During these operations, the RAAF’s technological edge over its adversaries enabled its workforce to remain within its specialist stovepipes without needing to consider the impact of tactical decisions in the strategic arena which could be necessary against a possible near-peer enemy.

Hence, a need arises to look externally to judge the effects of a highly specialised but professionally disengaged military workforce in other contexts, including high-intensity conflicts. Dima Adamsky’s observations on the Israel Defense Forces (IDF) are a useful starting point due to the IDF’s size, alliance with the United States, strong focus on workforce specialisation, and ongoing exposure to conflicts.[19]

Adamsky observed that following its successes of 1949, 1956, and 1967, the IDF developed ‘a total disinterest in the art of war.’ The effects of this were that ‘[p]roblems were resolved in an isolated and sequential manner as if they were not interconnected.’  Further, Adamsky observed that the IDF General Staff continually chose to provide pragmatic but technically narrow solutions to problems because ‘[w]ith no formal professional education IDF officers thought and operated in tactical terms concentrating on giving ad hoc piecemeal solutions to immediate problems.’45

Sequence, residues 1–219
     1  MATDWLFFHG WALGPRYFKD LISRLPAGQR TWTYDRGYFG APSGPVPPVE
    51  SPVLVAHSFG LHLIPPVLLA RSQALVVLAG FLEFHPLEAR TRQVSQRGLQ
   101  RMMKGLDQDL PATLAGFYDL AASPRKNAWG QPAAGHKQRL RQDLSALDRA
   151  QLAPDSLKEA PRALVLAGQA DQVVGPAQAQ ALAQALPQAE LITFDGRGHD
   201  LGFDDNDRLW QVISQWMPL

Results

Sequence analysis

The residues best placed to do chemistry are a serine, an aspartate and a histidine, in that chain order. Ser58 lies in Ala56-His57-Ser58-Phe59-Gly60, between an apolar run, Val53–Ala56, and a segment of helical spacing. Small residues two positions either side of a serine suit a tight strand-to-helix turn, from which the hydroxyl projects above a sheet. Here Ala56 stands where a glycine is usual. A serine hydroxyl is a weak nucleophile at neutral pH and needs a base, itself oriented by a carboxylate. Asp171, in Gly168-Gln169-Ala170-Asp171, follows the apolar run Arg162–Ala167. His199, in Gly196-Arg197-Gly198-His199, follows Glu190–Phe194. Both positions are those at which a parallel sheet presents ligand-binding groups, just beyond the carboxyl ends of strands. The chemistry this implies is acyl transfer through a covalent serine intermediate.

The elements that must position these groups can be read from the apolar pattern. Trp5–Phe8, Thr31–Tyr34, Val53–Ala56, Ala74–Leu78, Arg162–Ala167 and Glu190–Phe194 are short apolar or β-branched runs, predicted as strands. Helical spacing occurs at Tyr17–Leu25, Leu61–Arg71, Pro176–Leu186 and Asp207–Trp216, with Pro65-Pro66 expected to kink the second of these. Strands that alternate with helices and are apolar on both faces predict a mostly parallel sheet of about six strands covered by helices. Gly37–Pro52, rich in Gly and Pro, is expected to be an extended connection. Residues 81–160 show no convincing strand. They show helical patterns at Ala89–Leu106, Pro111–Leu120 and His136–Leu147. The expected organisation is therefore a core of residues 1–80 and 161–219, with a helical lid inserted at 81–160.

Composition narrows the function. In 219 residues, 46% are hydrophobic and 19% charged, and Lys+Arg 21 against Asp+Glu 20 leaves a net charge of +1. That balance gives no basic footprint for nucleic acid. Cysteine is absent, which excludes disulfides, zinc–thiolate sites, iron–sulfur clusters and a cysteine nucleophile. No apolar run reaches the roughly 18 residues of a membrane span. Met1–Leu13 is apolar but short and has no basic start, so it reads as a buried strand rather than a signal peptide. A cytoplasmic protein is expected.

Israel’s Iron Dome defence system is a case in point. RAND Corporation analyst Elizabeth M. Bartels argued that while the Iron Dome achieved tactical success by mitigating the risks from missiles, it was a strategic failure changing “strategic and political prosecution of the campaign in ways that may have denied Israel decisive victories.”

Although these observations should be qualified, noting that the IDF uses a conscription model and their conflicts have arguably been against enemies not as professional, a strong focus on specialists within the general staff has demonstrably resulted in a lack of strategic perspective.